Taken together, in fact, the resurrection narratives of the New Testament are so incompatible in details that “fundamentalist” attempts to harmonize them only lead to such bizarre scenarios and so many comings and goings of people to the tomb on Easter morning that I used to joke that they should have installed a traffic light. But my point here is not to go into all of that, interesting as it is, but rather just to point out that the image of the “Myrrh-bearing Women” takes the “spice bringing” motif only from Mark and Luke, leaving aside the quite incompatible accounts of Matthew and John, in which no women who come to the tomb bring spices.

Let’s take a look at the title inscription at the top of the icon:

zhmirdet

It is written in the vyaz (“joined”) calligraphic manner, which in English we may call a “condensed” inscription. It reads ЖЕНЫ МИРОНОСИЦЫ, ZHENI MIRONOSITSY, literally “WOMEN MYRRH-BEARING.”

As we have seen, in the gospel called “of John,” only one woman comes to the tomb on the morning of the resurrection — Mary Magdalene.  We are not told why she comes — after all, we are told in chapter 19 that the body of Jesus had already been anointed with 100 pounds of myrrh and aloes when it was laid in the tomb — only that she came early, while it was still dark.  She finds the stone rolled away from the tomb, and she runs to tell Peter “and the other disciple.”  They see the empty tomb, then go away again, but Mary remains, and has an encounter with a man she thinks is the gardener, but who turns out to be the risen Jesus.  So in John, Mary Magdalene is the first to see Jesus after his resurrection.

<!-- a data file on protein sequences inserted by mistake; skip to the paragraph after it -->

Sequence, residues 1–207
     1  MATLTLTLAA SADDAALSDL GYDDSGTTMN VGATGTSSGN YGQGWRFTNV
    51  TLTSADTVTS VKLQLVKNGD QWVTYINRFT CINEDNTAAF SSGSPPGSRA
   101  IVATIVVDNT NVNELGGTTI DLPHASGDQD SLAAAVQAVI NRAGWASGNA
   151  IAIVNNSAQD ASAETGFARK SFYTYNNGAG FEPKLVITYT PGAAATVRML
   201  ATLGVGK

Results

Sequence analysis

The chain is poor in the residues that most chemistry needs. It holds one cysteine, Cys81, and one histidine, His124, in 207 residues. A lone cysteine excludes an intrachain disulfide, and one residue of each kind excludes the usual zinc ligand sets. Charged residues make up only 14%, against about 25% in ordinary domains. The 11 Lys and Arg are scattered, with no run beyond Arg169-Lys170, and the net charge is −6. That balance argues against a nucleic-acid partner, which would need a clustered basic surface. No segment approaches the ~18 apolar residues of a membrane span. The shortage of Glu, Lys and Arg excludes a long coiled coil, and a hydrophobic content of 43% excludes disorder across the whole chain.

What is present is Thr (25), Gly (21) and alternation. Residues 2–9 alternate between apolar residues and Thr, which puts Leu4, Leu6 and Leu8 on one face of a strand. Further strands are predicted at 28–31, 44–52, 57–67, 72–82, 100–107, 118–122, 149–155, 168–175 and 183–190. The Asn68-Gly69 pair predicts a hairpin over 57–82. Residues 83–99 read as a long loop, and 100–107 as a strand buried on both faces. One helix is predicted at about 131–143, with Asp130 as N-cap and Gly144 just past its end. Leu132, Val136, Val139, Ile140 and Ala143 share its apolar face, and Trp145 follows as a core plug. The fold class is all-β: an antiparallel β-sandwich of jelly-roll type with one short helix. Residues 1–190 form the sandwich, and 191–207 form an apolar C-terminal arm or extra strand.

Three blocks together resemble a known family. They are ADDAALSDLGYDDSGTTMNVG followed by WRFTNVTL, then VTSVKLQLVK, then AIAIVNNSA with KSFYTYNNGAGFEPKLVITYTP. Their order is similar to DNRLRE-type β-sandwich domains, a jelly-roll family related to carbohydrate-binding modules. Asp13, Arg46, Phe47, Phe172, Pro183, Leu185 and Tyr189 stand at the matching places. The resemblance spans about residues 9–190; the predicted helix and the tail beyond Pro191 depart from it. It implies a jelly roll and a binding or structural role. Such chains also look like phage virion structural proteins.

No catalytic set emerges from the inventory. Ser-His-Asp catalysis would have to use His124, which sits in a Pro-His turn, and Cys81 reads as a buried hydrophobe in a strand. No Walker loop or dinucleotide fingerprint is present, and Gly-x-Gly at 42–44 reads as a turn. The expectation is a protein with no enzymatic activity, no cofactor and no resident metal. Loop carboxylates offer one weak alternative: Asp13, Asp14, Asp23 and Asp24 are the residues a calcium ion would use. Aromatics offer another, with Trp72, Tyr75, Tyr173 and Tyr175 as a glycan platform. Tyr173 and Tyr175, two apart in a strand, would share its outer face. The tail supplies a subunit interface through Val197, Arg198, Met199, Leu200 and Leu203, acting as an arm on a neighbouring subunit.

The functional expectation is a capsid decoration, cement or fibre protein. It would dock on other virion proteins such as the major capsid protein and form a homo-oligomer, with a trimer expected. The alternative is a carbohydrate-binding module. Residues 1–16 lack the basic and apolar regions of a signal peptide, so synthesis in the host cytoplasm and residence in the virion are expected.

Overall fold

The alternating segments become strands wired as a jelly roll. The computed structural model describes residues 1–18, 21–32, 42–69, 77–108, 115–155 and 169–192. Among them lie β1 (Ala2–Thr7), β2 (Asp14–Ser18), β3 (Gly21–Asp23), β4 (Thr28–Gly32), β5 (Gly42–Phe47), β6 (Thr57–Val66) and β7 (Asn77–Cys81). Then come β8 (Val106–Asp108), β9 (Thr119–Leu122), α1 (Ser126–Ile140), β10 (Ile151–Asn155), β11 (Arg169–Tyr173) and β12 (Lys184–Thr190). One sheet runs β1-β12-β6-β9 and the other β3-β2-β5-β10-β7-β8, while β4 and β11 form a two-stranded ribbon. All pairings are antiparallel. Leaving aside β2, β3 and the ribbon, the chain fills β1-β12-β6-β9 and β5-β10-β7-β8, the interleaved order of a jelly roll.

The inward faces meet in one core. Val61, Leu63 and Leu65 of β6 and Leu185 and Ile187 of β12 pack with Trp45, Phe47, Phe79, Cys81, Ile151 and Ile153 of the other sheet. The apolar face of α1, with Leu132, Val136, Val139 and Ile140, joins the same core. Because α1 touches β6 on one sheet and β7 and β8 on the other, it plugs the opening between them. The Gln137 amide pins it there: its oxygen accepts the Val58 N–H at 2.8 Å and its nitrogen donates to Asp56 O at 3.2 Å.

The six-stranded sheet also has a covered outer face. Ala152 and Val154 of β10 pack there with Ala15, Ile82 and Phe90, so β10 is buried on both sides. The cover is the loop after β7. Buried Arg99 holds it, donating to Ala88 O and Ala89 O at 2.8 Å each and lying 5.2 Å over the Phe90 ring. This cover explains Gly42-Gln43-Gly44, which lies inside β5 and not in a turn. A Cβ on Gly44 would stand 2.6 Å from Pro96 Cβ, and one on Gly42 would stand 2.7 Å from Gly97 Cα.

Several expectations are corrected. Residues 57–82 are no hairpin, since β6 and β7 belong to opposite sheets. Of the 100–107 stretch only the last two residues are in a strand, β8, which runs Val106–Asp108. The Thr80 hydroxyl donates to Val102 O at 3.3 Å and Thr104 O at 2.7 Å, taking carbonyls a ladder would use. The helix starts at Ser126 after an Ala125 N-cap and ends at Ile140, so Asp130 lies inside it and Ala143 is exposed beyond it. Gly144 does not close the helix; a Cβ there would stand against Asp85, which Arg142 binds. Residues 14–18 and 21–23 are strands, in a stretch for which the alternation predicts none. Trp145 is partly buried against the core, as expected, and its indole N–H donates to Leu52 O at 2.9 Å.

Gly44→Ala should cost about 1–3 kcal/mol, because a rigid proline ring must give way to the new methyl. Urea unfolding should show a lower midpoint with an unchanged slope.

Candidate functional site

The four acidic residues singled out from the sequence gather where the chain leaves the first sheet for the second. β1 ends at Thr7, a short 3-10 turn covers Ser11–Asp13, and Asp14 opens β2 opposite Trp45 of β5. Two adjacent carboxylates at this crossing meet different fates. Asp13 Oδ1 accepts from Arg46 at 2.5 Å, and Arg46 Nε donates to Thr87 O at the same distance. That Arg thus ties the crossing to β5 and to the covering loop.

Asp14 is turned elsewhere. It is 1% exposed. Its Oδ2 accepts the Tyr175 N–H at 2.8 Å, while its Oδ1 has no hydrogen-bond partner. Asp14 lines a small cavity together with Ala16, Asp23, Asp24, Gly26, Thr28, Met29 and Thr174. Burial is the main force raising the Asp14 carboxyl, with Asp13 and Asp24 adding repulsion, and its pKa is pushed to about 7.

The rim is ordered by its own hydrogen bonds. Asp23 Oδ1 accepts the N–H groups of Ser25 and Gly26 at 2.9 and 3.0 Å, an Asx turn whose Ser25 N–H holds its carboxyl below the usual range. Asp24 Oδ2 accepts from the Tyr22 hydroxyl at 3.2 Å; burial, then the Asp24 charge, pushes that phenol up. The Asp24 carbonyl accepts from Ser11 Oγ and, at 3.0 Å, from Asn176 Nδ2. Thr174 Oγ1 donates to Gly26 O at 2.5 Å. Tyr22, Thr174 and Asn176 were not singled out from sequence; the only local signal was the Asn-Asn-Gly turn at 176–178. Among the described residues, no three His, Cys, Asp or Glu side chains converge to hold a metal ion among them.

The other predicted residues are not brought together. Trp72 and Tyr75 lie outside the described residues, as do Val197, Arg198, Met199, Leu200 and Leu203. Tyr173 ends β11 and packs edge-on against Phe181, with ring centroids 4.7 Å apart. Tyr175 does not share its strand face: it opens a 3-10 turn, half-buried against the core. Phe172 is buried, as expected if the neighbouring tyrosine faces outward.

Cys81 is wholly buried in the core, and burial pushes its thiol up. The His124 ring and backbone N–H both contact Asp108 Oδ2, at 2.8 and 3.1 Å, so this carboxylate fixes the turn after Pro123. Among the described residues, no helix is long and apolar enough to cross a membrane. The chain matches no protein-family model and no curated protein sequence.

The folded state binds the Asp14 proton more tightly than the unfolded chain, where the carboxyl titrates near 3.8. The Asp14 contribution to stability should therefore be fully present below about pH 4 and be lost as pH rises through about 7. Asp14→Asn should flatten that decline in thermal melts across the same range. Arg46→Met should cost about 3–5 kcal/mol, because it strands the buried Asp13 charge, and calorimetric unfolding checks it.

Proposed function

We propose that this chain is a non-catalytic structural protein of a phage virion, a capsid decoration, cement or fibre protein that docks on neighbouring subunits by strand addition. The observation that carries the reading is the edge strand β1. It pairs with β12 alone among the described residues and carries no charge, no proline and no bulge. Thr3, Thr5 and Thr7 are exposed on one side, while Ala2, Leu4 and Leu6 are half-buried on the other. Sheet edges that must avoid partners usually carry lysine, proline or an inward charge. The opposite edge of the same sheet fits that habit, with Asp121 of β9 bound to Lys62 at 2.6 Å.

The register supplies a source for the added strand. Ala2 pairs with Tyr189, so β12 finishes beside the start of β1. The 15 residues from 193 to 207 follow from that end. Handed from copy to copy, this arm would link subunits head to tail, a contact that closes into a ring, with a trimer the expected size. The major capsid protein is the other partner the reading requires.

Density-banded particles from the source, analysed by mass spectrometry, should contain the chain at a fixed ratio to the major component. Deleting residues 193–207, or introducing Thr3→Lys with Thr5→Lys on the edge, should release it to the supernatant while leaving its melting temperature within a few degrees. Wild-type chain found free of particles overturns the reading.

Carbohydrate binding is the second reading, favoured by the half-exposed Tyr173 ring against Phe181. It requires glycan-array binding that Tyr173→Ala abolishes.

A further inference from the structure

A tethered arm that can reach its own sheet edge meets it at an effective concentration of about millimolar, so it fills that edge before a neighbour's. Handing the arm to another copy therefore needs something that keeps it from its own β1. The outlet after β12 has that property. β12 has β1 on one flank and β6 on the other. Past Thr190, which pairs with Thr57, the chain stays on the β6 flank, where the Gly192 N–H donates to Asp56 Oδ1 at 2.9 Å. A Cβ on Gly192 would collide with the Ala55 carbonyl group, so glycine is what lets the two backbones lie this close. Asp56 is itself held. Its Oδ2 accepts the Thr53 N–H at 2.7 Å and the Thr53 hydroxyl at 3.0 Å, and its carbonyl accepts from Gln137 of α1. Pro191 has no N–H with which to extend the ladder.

Here is an icon of her:

(Courtesy of The Museum of Russian Icons, Clinton MA)

We can tell from the corner pieces, the foliage pattern in the outer border, and the ornate gilt background that this is an icon in the style of the end of the 19th-beginning of the 20th century.  Mary holds a vessel of “myrrh” in her right hand, in keeping with one of her traditional titles — мироносица —mironositsa — “Myrrh-bearer.”

The title inscription reads:
“Image of Equal-to-the-Apostles Mary Magdalene.”

In Eastern Orthodoxy, Mary Magdalene is the foremost among women given the “Equal-to-the-Apostles” title, which is given those who are believed to have equaled the Apostles in their spreading of the Christian message.  The other biblical woman given this title is (oddly enough) the so-called “Woman at the Well” of the Gospel of John, chapter 4, whom tradition gives the name Фотина — Photina in Russia (Svetlana in Russian translation) and Φωτεινή — Photeini/Photini in Greek.  She was provided with an elaborate, fictionalized biography that has her later dying as a martyr under Nero in Rome.